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A Few Travel Tips for Munich’s Oktoberfest (Wies’n)

Written By: Tonya - Jun• 23•11

The last two weeks of September are an oh so happy time for me. It’s time for the world’s largest bier drinking festival, Oktoberfest. For the last 5 years I have gone here and among my beers, fuzzy memories, and newly made friends, I have also figured out a thing or two about the best way to visit this party of 300,000 people per day. And while the Oktoberfest in Munich doesn’t start for 3 more months, I thought it wise to prepare you early…

Plan Ahead – Since I am giving these tips well in advance to the main event, I thought I would start with this tip first. 6 million people visit the Oktoberfest every year, which is a lot of people for this city. So hotel and hostel rooms book up really fast. It’s best to plan early and figure things out far in advance. There are also options for camping and perhaps Couch Surfing if you don’t mind staying at someone’s place.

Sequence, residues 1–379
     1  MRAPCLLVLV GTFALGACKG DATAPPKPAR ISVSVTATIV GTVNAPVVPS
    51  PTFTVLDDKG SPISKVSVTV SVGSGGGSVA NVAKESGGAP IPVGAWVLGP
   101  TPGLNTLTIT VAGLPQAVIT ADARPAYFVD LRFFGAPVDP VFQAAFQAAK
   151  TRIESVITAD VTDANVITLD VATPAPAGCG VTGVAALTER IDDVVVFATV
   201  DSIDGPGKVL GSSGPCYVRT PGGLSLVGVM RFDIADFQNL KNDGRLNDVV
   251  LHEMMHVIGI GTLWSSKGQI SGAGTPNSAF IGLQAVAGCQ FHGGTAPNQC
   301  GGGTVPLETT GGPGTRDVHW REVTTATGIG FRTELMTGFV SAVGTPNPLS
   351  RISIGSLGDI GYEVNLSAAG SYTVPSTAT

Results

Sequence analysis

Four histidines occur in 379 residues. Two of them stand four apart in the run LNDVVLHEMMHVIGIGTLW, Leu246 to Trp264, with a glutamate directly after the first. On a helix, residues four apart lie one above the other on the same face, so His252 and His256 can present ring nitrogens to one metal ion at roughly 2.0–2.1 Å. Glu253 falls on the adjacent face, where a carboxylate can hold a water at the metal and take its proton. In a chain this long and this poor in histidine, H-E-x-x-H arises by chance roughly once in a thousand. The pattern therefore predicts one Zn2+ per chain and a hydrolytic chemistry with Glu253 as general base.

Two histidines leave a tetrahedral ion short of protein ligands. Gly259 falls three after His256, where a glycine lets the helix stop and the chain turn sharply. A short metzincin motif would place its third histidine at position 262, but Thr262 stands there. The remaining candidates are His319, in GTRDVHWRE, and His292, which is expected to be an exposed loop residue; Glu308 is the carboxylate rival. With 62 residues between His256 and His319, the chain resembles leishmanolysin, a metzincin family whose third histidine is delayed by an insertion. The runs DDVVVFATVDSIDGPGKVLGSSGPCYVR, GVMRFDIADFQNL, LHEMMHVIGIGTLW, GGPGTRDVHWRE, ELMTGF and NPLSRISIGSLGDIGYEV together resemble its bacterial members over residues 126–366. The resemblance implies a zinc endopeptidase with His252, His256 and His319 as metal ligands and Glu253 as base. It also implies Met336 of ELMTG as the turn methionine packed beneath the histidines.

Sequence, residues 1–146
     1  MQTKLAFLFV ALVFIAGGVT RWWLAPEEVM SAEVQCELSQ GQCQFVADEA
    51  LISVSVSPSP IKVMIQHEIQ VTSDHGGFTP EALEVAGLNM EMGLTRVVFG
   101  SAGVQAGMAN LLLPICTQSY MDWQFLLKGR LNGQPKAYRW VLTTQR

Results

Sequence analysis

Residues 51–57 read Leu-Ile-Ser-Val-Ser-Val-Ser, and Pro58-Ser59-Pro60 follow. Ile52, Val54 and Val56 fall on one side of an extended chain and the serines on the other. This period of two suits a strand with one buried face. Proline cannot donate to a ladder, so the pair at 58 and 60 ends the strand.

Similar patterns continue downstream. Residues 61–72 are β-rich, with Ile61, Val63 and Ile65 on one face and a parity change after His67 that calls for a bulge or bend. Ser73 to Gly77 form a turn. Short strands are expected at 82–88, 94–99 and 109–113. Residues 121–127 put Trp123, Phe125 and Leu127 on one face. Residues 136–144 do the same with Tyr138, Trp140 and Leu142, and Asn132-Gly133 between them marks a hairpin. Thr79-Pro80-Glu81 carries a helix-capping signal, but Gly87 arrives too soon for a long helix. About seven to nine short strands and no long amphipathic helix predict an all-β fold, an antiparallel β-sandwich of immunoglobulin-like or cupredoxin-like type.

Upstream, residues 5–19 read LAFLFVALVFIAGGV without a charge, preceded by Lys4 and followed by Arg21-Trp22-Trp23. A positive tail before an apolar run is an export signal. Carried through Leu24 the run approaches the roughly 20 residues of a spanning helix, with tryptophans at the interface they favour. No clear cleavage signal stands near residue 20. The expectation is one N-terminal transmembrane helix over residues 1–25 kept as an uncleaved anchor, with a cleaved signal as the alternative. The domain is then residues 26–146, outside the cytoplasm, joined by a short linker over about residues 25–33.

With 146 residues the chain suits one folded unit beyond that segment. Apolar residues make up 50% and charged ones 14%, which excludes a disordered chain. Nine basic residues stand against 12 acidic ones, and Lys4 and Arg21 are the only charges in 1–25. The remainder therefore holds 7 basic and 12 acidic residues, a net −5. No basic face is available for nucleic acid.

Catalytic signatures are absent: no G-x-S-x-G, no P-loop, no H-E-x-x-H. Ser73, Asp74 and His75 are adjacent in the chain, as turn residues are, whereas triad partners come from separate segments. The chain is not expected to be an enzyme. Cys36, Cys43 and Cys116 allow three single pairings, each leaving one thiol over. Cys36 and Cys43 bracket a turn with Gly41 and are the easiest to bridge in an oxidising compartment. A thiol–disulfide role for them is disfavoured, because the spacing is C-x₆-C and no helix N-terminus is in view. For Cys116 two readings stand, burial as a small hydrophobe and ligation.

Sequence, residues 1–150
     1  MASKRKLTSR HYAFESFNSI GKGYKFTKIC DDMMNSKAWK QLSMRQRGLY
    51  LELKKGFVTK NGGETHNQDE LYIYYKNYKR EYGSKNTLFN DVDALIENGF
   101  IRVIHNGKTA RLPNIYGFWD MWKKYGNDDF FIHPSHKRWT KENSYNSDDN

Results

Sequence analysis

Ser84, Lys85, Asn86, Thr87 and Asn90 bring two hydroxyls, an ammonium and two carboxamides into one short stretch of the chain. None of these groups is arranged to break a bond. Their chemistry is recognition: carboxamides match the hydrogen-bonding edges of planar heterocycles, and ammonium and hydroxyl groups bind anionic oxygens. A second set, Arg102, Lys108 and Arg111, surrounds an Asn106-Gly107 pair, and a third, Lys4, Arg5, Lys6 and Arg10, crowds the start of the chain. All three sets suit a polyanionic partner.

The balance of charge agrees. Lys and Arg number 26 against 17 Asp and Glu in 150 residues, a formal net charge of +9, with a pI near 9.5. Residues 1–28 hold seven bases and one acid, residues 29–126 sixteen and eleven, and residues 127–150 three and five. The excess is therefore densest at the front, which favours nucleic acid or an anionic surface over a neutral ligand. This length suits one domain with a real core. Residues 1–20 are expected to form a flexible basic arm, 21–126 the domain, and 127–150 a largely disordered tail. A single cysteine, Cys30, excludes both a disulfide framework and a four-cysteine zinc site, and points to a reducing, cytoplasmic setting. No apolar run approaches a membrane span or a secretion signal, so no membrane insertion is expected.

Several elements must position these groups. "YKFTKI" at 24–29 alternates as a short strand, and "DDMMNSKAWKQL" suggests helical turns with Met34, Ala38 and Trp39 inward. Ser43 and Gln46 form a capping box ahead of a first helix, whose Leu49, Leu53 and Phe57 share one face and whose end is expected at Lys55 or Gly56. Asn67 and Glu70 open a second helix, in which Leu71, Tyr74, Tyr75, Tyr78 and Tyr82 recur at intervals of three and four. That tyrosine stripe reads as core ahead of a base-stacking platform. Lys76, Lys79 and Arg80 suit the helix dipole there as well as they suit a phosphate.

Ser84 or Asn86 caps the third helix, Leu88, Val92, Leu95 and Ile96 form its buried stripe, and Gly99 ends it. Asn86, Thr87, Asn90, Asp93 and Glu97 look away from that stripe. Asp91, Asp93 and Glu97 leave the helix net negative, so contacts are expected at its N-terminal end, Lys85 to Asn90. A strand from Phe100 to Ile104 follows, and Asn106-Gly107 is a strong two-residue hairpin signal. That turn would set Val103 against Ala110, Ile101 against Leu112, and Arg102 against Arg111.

Weekdays – I realize most people might plan to go to the Wies’n on the weekend, but the weekdays are actually a lot better. The crowds are a little less and you have a higher chance of getting in the tents. During these 2 weeks it seems as though weekdays don’t really matter all that much and almost the whole city is alive all week  long, so not to worry if you feel like you may not get enough party time during the week…you will.  We almost never go on the weekends because the tents tend to get full and close quite early. The weekdays are always just as fun and maybe even more so because inside the tents is usually where you will have the best time!

Budget – I will just go ahead and say it, the Oktoberfest is not cheap my friends. This year a beer will cost you around 10 Euros, a pretzel 4 Euros and a half of a grilled chicken about 8 Euros. So this can get pretty pricey after a few days, and if your like me, after a couple of these beers, money seems to lose its value. You can save a little here and there by not eating in the tents, drinking less, and not riding the rides… but it expensive regardless. So just to prepare you, maybe save up a few extra bucks so you won’t have to worry or cut corners while your here.

Keep Your Eyes Open – Ok, this may be a fairly odd tip, but I always find money lying around in the aftermath. Now I’m not talking on your hands under the dirty tables or anything, but always on the way home I keep my eyes out for money on the ground. You would seriously be surprised how much people lose! (Last year I found a 10 which immediately paid for my schnizel semmel (pork sandwich) So if your not too tipsy, keep an eye out for the random 5 or 10 laying on the ground, and you just might find something.